What are the specific things causing issues? One thing I also found helpful was making sure my kids could access stuff I used to need to give them like snacks, etc. I moved snacks into the bottom drawer, and their cups there too (with a stool they can get themselves a drink & a snack), they still ask for a snack or a drink, but now I can just say "yes, get yourself out of the drawer" instead of "wait until I'm done nursing." Also a friend of mine has a "nursing box" of special toys (that rotate) that come down when she's nursing. She keeps a couple of special things in there at a time and takes it down before nursing so toddler has something special to do.
 

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I have a 2.5 year old and a 7 week old.<br><br>
I am very careful NEVER to say, "I can't right now, <i>I'm feeding the baby.</i>" or "In just a minute, I'm <i>rocking the baby right now.</i>" or anything like that. If I really am feeding the baby and can't stop to get him something to eat or whatever he wants, instead of being negative ("I can't right now") I say something like, "Sure you can have an orange! I will get that for you in just one minute. Can you run and (get me a book, wash your hands, get a napkin, anything to buy me some time)." A book works particularly well because we could read it while I am waiting for the baby to finish up so I can then get his snack.<br><br>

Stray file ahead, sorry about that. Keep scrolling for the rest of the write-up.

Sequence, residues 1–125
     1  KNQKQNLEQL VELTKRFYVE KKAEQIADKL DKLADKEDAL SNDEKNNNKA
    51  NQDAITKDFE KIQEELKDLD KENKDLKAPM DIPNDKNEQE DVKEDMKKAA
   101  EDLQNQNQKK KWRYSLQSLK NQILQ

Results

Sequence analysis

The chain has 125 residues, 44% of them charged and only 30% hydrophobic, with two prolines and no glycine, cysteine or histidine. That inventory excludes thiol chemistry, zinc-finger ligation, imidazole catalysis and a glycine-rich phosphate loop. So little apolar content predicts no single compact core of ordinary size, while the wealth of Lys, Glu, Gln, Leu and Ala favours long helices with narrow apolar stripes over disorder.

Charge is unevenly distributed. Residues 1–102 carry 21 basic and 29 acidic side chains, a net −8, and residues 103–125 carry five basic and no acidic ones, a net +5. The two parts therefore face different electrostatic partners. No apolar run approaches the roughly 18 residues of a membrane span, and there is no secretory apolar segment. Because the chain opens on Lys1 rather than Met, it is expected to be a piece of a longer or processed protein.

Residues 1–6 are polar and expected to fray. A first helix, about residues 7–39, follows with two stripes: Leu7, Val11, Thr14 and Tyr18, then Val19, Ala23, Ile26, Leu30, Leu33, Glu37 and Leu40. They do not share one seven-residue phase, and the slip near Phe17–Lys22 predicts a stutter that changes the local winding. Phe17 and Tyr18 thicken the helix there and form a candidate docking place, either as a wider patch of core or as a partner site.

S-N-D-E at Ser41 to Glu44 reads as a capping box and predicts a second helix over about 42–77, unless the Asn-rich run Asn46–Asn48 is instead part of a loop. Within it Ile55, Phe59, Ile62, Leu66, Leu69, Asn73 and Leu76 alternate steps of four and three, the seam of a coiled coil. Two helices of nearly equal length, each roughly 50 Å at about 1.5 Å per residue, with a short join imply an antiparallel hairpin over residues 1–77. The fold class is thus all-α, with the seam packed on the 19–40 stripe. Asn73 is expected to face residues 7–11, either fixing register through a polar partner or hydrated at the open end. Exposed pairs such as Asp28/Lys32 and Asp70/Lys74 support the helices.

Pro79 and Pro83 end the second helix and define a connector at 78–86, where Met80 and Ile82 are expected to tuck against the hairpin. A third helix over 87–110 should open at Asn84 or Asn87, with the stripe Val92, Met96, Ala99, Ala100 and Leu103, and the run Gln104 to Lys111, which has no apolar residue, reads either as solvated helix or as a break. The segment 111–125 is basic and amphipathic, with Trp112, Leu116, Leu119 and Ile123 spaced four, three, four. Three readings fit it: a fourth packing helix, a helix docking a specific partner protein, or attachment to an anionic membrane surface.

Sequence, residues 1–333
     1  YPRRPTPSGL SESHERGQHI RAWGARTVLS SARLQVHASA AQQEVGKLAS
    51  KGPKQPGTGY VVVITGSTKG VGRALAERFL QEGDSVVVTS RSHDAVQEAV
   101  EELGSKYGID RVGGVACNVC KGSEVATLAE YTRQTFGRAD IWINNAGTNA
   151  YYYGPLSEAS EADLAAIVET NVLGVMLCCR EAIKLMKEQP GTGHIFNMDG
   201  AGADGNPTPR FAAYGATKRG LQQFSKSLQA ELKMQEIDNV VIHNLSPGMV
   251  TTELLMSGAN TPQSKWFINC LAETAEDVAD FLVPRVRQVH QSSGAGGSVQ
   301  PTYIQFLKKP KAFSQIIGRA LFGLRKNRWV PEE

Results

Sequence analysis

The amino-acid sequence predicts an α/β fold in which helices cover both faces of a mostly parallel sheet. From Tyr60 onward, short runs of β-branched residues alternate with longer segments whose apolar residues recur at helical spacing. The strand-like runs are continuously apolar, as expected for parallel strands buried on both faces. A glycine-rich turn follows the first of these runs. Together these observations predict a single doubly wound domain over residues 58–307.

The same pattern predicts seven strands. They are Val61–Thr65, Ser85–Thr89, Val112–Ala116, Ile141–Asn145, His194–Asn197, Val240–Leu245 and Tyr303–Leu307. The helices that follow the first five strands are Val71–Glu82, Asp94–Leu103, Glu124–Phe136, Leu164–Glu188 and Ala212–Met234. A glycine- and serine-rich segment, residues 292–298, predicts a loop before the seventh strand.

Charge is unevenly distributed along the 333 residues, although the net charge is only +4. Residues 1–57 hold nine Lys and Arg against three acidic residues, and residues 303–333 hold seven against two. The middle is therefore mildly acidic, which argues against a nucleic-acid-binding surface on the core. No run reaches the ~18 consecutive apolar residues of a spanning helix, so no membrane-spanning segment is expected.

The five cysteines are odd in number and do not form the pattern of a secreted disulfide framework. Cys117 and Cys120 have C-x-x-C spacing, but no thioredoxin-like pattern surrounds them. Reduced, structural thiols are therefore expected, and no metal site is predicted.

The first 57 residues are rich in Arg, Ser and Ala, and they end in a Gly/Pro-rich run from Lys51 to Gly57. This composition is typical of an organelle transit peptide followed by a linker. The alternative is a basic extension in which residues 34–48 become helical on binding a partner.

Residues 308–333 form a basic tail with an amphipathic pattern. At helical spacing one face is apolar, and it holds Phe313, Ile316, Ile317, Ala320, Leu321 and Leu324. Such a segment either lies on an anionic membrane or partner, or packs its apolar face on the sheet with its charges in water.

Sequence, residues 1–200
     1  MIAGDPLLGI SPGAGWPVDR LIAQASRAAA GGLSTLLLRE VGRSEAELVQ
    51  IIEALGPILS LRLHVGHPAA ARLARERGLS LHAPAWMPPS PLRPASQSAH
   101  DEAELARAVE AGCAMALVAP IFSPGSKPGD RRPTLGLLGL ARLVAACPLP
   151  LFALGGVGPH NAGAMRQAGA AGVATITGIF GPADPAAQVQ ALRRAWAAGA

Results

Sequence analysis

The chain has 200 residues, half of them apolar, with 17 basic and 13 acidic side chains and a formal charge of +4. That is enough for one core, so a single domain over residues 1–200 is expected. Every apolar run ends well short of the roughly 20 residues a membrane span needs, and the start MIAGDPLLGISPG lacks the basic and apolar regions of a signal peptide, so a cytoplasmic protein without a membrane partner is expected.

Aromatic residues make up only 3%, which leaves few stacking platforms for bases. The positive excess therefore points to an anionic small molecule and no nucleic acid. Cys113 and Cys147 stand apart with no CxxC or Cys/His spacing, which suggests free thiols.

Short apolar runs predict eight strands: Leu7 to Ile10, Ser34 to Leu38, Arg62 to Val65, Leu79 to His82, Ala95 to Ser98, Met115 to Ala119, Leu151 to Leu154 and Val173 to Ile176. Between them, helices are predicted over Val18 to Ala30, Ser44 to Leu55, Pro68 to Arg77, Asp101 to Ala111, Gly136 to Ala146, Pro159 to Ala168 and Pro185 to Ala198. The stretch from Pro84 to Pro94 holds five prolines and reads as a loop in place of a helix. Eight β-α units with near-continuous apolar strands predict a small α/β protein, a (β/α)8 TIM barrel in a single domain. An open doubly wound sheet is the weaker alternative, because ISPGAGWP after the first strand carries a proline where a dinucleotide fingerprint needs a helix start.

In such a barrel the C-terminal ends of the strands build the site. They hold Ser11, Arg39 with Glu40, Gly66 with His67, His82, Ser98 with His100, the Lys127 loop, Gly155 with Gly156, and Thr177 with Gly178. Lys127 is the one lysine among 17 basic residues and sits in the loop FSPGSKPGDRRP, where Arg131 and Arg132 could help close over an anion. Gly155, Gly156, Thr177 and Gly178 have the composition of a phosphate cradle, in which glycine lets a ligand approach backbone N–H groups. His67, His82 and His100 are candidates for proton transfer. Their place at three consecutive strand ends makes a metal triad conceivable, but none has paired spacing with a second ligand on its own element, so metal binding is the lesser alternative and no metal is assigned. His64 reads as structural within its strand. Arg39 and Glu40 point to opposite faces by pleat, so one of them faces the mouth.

I think sometimes it is better for him and for the baby to have his needs taken care of quickly and then get back to her so if I am in a bind, I will set her down, do what he needs, and then get back to her. Yes, she absolutely might cry for a little while when that happens, and that sucks. But I have 2 kids that need me and it's not fair that ds always has to wait. Someone is going to feel hurt and sad either way so I try to be as fair as possible with who gets first dibs at my attention.<br><br>
And last, I don't beat myself up. I'm doing the best I can and I'm only human. Despite our best efforts, babies cry and toddlers cry and I am a much better mom when I relax and don't let it get to me so much.